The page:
Modern Industrial Microbiology has evolved in demand to develop cheap and faster substitute of chemical reactions. In earlier years of industrial development the transformation reactions are carried out by several steps of lengthy and delicate chemical reactions. They are very hard to control, depend on various other factors, sometimes require harsh conditions like high temperature, high pressure, use of alkali and acids and use of costly transition metals as catalyst. Often, performing a single transformation requires many steps of chemical reaction. By using industrial microbiology we can transform substrates without such harsh conditions more easily than ever.

Microbes are also used to produce antibiotics, vitamins, amino acids, organic acids, alcohols, and also as food called single cell proteins (SCP).

In industrial microbiology we use the native properties of microbes to grow in various environmental conditions (can use various materials as their carbon/energy source). The yeast sacchromyces spp. for example, can grow in both in presence or absence of oxygen. When it grows in presence of oxygen it breaks glucose into CO2 and water and yields energy for growth. while growing in anaerobic conditions it produces ethyl alcohol and CO2 and just survives with little growth. This property was identified earlier in the development of humankind and thus humans started production of various alcoholic beverages.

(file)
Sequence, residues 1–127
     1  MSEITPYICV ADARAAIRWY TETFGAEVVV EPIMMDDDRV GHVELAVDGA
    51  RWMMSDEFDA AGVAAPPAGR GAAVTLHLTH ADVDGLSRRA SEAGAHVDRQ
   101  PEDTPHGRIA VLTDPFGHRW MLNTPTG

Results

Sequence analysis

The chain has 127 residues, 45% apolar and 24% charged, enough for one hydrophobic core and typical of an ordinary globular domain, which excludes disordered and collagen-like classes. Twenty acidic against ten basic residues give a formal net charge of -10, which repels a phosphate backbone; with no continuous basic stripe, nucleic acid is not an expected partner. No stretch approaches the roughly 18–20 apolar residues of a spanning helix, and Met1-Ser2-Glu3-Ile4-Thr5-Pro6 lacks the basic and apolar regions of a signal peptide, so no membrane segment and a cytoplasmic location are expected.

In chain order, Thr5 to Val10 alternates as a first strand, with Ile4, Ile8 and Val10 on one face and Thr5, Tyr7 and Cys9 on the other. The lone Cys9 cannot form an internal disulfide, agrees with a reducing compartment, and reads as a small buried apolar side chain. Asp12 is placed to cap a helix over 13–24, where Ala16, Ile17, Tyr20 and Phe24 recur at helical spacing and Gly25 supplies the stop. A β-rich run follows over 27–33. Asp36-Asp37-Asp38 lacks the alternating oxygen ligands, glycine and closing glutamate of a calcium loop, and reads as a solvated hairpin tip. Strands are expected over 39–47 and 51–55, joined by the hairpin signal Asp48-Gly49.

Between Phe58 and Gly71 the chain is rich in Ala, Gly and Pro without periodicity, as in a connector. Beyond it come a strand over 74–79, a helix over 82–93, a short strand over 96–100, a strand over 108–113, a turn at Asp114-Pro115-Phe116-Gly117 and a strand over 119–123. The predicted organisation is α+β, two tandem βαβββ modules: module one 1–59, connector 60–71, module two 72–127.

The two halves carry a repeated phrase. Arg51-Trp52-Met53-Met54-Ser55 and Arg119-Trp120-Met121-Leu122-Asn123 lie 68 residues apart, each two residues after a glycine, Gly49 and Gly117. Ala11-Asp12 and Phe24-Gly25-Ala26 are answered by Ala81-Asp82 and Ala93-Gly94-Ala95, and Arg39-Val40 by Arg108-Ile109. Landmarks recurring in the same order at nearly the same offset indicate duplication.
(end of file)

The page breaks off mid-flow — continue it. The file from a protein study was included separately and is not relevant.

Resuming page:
List of Products
  • Ethanol
  • Acetic acid
  • Lactic acid
  • Vitamins
  • Amino acids
  • Enzymes
  • Some insecticides
  • Lipids
  • Coloring compounds
  • Polysaccharides (gum)

Most important use of microbes is as enzyme producers. In the beginnings of microbiology it was discovered that something within the yeast is responsible for the conversion of sugar into alcohol. This biological compound was known as an enzyme ( en= within, zyme= yeast)

Nowadays the following industrially important enzymes are produced by microbes:

  • Amylases (to degrade starch)
  • Proteases (to degrade proteins)
  • Lipases (to degrade lipids)
  • Pectinases (clarification of wine and fruit juices)
  • Cellulases (to convert cellulose into glucose)
  • Proteases and lipases are used as additives in modern detergents.

Microbes naturally produce enzymes in order to utilize the food sources present around them. For example, various fungi and bacteria growing on fruit-based substrates produce pectinases and cellulases to degrade the materials present on the cell wall of fruit cells.